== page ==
• Use facial expressions or movements that are not appropriate to the audience. Again, dance for yourself in the mirror. Do you use any facial expressions that might offend women or children? Sticking your tongue out, even a little, is never a good idea. Do you have any muscle ticks or nervous habits that might come out under stressful conditions? Filming your self during a performance is always a good idea.
  • Say bad things about other dancers or musicians to the people you work with or to customers. What goes around comes around. You never know when your words will come back to haunt you. Itís best not to get involved. Remember that there are at least 2 sides to every story.
  • Try to make the musicians look bad while you are dancing on stage. I went over this above. Making a scene only makes you look amateur and petty. Itís better to deal with snafus gracefully and go on with the show. Donít make your problem the audienceís problem. Smiling through disaster will make you look the professional and endear you to the band when you address it nicely later.
  • Play finger cymbals off beat. If you canít play them well, donít play them at all, particularly if you are working with a band. You will throw them off beat and then the music will really sound dreadful.
  • Drop your veil in the middle of the stage or where you will step on it. A veil on the floor is distracting. Audience members will watch it and wonder how long before you trip on it. And trip on it, you will. Thatís Murphyís Law.
  • Use a prop you are not good at. Why set yourself up for failure? Try to be objective about your dancing ability and your skill level with the prop.
  • Choose a song you donít know what the lyrics mean. If you are performing in front of an audience that understands the lyrics of your song and you donít, you could insult them without even knowing it. I once witnessed an extremely famous American belly dancer doing Ďhappy, happy, joy, joyí to one of Om Kalthoumís saddest songs. I was offended. I can only imagine what someone growing up with the music felt.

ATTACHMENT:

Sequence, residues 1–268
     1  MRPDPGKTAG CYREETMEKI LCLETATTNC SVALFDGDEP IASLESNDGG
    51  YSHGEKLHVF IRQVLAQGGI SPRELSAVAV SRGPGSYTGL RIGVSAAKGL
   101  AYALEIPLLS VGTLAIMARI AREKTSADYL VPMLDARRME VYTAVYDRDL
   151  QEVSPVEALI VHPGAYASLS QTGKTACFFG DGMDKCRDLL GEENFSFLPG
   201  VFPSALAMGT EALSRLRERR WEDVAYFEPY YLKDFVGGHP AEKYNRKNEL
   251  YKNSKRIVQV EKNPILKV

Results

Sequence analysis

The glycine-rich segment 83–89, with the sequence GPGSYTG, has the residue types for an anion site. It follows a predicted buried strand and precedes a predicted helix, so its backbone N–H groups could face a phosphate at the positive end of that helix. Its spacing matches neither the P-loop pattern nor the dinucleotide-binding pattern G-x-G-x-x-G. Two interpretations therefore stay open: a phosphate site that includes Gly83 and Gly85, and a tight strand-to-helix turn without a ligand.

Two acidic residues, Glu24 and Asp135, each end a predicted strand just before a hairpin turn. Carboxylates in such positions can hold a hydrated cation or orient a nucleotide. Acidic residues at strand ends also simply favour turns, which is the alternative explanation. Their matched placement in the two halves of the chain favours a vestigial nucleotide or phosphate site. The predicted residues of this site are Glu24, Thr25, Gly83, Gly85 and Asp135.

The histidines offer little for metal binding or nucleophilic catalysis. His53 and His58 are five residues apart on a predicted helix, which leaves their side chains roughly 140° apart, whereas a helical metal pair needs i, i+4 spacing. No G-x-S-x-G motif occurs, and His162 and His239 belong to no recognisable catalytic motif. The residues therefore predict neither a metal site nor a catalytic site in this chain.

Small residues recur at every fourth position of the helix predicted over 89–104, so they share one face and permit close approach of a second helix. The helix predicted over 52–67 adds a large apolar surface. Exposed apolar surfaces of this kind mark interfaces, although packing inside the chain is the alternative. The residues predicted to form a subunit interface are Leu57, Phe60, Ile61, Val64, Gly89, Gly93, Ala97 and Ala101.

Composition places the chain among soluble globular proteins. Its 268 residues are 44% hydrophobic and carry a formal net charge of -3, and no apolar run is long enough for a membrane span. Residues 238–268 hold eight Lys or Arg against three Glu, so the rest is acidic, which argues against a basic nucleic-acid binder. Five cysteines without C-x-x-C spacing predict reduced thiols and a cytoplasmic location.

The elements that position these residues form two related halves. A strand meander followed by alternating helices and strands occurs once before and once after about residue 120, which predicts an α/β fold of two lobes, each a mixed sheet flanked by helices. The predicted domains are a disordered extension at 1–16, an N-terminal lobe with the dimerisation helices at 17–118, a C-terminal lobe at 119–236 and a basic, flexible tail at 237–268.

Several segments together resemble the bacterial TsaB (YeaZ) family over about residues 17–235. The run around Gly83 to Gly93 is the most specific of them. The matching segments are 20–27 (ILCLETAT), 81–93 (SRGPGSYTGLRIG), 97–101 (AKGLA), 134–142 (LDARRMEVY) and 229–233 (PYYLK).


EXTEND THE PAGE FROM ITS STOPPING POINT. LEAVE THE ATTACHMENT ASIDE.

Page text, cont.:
• Use a plastic smile. If youíre not happy dancing you should reassess your reasons for performing. If you are happy, let the joy shine on your face. But your joy must look real, not fake. Watch yourself in the mirror when you practice. Smile at yourself. Get used to how a real smile feels. It is not etched in stone. It comes and goes.
  • Wear a belt where the back gaps.  Make a thread casing for elastic and sew it either on the sides or in the back of the belt. Men may think they want to see your crack, but not really. They certainly donít want to see your underwear or the safety pin that attaches your skirt to your belt. Certainly women donít want to see any of it.
  • Wear a bra that doesnít fit. Gaping holes between the cups and your skin are not pretty. Besides your nipples, they show you couldnít adjust your costume properly or that you didnít know how.  If you canít do it yourself, pay someone else to do it. Donít think no one will noticeÖ Sagging and Ďsports-bra-smashí are not flattering either. Look for healthy cleavage but not overflow Ė either over the top, under the bottom or out the sides.  Check that the back strap is snug, so you donít fall out when things really start to jiggle.
  • Enter the profession without guidance. In this day and age there are many wonderful professional dancers and experienced teachers all over the world that newcomers can go to for advice. Besides answering your questions, they can also boost you up when the going gets rough and to see reality when you have blinders on. Ask what the going rate for a show is in your area. Find out the places not to work and why. Learn who the other working dancers are in your city and go see them perform. Are you up to their standard? Are there any professional associations you can join, a newsletter to subscribe to, any Internet list serves to belong to? Donít be too shy or too proud to ask for help. Knowledge is power, and it just may save your life. Donít kid yourself. This can be a dangerous profession. You owe it to yourself to do research.

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Ready for more?
5-4-07 The Devil's Details, Show Ethics for Professionals, Part 1- Booking a Party by Yasmin
When a dancer looks good, she, or another, will get called back to perform again. When she looks bad, customers might be turned off to our lovely art form forever. Therefore, a bad dancer not only ruins things for herself, but for all of us
8-29-07 The Devil's Details, Show Ethics for Professionals, Part 2- The Cross Cultural Factor by Yasmin